Among the ways in which I have striven to replicate Carroll’s writing, I have retained the characteristic long, tortuous sentences formed from the piling up of clauses punctuated by colons and semi-colons, and the frequent passive constructions, which in Yiddish are typically rendered in the active mode (using the impersonal pronoun me or men: for example, me hot geboyt a hoyz ‘a house was built’). I have avoided gratuitous Yiddishisms and favored literal over idiomatic renderings wherever possible (an exception, is the irreplaceable halevay, meaning ‘I wish that … would that … if only’. I have attempted to differentiate between the speech patterns of the various characters, and have given preference to more commonplace words of Germanic origin over more sophisticated ones of Hebrew-Aramaic derivation, as befitting a work for children. Moreover, I have translated the songs and verses, as closely as was possible, instead of substituting Yiddish equivalents, while also keeping the rhymes.    
Not of least importance, I have been faithful to Carroll’s whimsical predilection for puns and wordplay, a genre of writing found often in English literature but, to my knowledge, rarely in Yiddish. Such linguistic play is usually not readily trans­lateable into other languages; however, I have not hesitated to take liberties with Yiddish words so as to create comparable puns, neologisms, mispronunciations, and malapropisms, that capture the humor and spirit of Carroll’s own.    
A word on the subject of gender, as Yiddish is a gendered lan­guage. My policy has been to refer to specific personified animals or other non-human creatures using their “real” gender rather than their grammatical one. I believe that this is customary in some gendered languages, such as with pets. Thus applied to the Dremlmoyz, who is grammatically feminine (di moyz ‘mouse’) but whom I take to be of male gender (its Tea-Party companions would hardly treat a female so outrageously), I use the appropriate masculine articles and pronouns. Whereas the sex of the majority of the non-human characters mentioned individually is unspecified, I arbitrarily assume them to be male, the exceptions being the canary and the old Crab at the Caucus, the Pigeon, and of course Dinah the cat. Among the former group, the Cheshire-Cat I likewise assume to be male and refer to accordingly (a generic ‘cat’, di kats, is feminine; der koter or ‘tomcat’, would have been another option).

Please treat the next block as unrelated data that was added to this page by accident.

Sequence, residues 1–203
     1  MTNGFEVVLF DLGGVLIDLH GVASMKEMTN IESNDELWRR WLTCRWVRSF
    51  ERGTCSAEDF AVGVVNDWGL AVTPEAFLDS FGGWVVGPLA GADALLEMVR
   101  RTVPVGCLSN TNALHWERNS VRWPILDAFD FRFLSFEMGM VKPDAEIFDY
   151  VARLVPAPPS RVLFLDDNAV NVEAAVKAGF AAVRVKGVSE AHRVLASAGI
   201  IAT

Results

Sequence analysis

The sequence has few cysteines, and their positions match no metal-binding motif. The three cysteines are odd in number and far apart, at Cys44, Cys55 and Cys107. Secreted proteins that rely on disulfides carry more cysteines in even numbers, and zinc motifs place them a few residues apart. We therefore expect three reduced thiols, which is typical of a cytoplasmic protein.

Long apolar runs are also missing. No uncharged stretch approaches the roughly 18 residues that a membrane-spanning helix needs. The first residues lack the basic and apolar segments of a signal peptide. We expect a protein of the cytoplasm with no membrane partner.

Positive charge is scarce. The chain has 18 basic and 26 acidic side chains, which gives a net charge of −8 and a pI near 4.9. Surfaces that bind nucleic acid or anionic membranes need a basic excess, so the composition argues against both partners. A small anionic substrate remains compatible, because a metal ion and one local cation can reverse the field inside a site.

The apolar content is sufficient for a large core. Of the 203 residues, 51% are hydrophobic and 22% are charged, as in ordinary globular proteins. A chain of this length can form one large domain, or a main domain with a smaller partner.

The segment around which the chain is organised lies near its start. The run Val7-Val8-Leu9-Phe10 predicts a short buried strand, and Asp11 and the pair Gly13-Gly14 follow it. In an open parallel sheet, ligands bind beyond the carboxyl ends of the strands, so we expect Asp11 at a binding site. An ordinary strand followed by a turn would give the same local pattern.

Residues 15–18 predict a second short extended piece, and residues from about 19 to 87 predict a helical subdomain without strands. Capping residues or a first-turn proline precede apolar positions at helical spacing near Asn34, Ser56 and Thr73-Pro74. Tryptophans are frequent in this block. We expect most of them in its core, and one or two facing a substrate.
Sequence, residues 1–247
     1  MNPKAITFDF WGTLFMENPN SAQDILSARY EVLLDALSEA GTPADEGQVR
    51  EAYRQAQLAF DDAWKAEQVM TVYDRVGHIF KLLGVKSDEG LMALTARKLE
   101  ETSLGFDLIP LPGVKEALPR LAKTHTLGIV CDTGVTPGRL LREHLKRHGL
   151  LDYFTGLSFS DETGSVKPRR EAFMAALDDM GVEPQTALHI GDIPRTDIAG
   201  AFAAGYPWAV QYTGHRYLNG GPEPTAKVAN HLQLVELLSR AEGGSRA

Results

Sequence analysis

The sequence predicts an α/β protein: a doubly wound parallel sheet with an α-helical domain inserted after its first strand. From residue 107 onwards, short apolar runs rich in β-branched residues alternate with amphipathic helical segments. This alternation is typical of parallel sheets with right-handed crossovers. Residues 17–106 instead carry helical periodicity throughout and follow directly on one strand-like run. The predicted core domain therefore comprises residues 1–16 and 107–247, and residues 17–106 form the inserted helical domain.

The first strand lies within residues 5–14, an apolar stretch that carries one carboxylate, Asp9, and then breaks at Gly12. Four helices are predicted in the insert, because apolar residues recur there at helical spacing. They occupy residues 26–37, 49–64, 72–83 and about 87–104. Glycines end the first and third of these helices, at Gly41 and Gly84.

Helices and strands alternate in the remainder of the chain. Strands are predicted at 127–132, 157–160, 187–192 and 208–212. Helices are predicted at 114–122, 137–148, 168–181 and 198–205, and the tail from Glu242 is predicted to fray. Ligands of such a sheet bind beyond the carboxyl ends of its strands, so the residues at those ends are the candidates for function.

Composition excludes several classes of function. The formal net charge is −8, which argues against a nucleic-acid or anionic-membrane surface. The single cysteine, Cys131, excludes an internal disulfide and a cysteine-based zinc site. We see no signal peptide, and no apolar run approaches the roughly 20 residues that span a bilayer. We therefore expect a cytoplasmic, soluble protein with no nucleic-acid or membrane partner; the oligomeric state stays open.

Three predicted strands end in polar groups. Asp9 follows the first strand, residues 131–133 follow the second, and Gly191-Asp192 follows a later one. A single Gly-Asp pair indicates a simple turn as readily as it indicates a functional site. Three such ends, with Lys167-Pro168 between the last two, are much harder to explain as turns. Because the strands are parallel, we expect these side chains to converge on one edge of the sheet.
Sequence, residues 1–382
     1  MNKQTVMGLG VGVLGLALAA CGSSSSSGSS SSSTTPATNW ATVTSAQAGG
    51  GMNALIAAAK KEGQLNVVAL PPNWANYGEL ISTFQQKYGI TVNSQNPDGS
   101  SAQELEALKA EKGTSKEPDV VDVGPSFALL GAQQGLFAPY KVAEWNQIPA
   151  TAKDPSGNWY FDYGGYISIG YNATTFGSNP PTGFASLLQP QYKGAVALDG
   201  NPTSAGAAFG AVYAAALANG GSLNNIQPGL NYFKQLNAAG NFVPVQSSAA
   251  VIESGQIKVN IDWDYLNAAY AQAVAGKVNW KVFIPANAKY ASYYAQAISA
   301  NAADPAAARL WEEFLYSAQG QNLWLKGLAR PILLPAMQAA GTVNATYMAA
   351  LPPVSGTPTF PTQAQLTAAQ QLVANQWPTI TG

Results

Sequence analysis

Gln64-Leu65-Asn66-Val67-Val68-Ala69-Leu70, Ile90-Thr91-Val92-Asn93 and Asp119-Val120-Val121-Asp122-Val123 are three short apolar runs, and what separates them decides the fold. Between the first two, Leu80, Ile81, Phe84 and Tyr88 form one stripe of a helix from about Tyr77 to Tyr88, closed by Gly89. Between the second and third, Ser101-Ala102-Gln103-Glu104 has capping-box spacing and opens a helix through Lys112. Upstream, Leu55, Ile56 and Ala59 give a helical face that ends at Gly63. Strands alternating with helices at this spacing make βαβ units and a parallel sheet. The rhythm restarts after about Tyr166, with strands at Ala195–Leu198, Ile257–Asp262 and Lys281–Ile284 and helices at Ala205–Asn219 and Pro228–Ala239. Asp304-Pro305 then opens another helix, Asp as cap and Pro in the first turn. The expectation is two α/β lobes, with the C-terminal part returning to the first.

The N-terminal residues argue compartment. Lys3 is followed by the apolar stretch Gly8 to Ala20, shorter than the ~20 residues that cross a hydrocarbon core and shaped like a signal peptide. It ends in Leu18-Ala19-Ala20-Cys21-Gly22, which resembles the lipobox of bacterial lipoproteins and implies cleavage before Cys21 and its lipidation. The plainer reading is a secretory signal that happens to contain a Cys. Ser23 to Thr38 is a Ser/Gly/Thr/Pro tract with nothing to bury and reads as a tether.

In the transliteration from Hebrew to Romanized letters, I have followed the standardized spelling adopted in 1936 at a conference in Vilna sponsored by the YIVO Institute for Jewish Research. There are no capital letters in Yiddish print or script, but they are naturally required in an English transliteration.    
—Joan Braman
New York, April 2015

HTML Michael Everson, Evertype, 73 Woodgrove, Portlaoise, R32 ENP6, Ireland, 2015-04-29